This is an example of the looped bags that the Ayoreo people make and this is a particularly fine example. A cooperative store in Santa Cruz sells these and you can often see the ladies sitting in the street making them. The quality of the work varies and I was pleased to be able to get this stunningly fine one.
These placemats are woven in cotton by the Guaraní weavers. They, too, most often sell their products through the same cooperative store that is just one block from my home. As usual, the motifs they choose represent the abundance of vegetation and flowers in this jungly lowland area.
Loop braider Ingrid Crickmore was up to midnight putting her newly acquired pebble weave skills into practice. Above you can see one of her bands on the left. We practiced drawing pebble weave designs from fabric directly onto charts and then weaving them and Ingrid took advantage of that skill to weave the two designs you can see above. On the right you can see Annie’s tubular band on which she did a beautiful job. Later we practiced weaving and sewing a tubular band onto the edge of fabric.
What was fun was that many of the guys in this group also braid with Ingrid and are avid loop braiders. They couldn’t resist finishing their bands with fancy looped braids. Below you can see Ingrid braiding away. You might notice that she even has loops on her thumbs!!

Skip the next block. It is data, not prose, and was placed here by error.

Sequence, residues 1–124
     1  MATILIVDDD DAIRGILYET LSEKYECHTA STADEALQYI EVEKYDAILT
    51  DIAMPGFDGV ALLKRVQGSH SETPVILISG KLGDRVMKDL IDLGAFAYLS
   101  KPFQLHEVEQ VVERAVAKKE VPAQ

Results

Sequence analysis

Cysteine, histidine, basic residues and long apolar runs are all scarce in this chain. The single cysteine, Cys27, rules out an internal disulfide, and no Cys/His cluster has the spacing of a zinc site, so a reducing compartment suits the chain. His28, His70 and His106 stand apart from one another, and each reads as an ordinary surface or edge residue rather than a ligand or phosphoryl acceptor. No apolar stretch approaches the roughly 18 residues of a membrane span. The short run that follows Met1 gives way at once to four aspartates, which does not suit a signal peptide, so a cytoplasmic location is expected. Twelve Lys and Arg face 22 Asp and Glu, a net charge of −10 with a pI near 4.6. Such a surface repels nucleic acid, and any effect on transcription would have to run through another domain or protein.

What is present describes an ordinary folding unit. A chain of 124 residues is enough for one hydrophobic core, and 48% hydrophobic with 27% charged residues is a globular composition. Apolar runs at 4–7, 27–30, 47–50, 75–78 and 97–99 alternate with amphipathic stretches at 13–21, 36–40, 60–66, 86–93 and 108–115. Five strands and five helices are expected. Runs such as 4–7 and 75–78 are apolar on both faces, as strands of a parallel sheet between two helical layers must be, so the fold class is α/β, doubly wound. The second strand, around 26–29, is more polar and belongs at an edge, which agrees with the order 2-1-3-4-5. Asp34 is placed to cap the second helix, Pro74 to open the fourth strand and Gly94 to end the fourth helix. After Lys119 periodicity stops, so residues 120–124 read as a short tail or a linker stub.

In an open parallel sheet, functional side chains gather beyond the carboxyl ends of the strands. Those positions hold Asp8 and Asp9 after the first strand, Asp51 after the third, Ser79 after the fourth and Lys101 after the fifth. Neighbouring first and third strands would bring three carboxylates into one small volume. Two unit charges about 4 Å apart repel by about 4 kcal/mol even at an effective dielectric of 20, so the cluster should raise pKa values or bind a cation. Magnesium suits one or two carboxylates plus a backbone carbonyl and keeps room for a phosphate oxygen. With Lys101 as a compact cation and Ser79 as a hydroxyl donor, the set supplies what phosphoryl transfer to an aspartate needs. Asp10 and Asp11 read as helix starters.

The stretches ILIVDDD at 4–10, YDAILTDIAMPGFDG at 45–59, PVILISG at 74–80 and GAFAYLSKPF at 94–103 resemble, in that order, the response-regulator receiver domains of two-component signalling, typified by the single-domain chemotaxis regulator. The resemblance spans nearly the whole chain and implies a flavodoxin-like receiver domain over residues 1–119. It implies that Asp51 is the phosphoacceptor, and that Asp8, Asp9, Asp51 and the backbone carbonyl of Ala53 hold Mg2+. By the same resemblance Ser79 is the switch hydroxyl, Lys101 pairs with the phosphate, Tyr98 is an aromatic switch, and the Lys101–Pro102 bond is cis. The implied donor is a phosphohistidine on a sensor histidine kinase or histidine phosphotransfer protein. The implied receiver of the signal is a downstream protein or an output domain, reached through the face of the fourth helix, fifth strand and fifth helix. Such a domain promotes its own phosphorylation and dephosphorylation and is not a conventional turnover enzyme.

Some people like to stand and backstrap weave, like Anne above, while others prefer to be down low on the floor like Sawyer…some do a little of everything. Some people put down their looms and take a walk and stretch while others simply change position so they can just keep on weaving.
Annie looks completely engaged and comfortable sitting at her loom. Annie wears a different hand woven item everyday, usually a huipil or part of a huipil from Guatemala.
This is a group that has woven with me on three occasions and we know each other better than most groups. Most only see each other when they come to weave with me so, there is a lot of chat and catching up to do! But there’s nothing like pick-up weaving to create pin drop silence while everyone settles in to concentrate.
There’s Yonat above left, who usually has us rolling on the floor laughing, in a rare moment of quiet concentration. She picks up things so quickly! I expect to see her Facebook page covered in tubular bands soon. You can see that even the dog has enough sense to keep quiet while everyone concentrates. On the right Sawyer is sitting up off the floor to get stuck into her first tubular band.
We wove, as we always do, in the Martha’s studio and, as usual, she brought out some of the beautiful pieces from her collection to show us while we ate lunch. Yonat also brings us some of her latest acquisitions and those pieces are the ”beautiful” part of this blog post.
But first, let me take a little detour at this point to show you some the “bizarre’ things that I mention in this post’s title….
Annie took me on a trip downtown to a clothing store to show me how “ethnic” and “tribal” seem to be the current themes in fashion. We had a lot of fun digging through the store and pulling out items of clothing and home furnishing trying to identify the weaving culture on which the designs had been based.
Some things were very “been there, done that” for me…the kinds of things that you would find in any South West USA or Guatemalan or Mexican souvenir store perhaps…
But other things were, quite frankly, “bizarre”!….
…like these tiny stretch knit shorts with their designs that imitate ikat. Can you see yourself in a pair of those?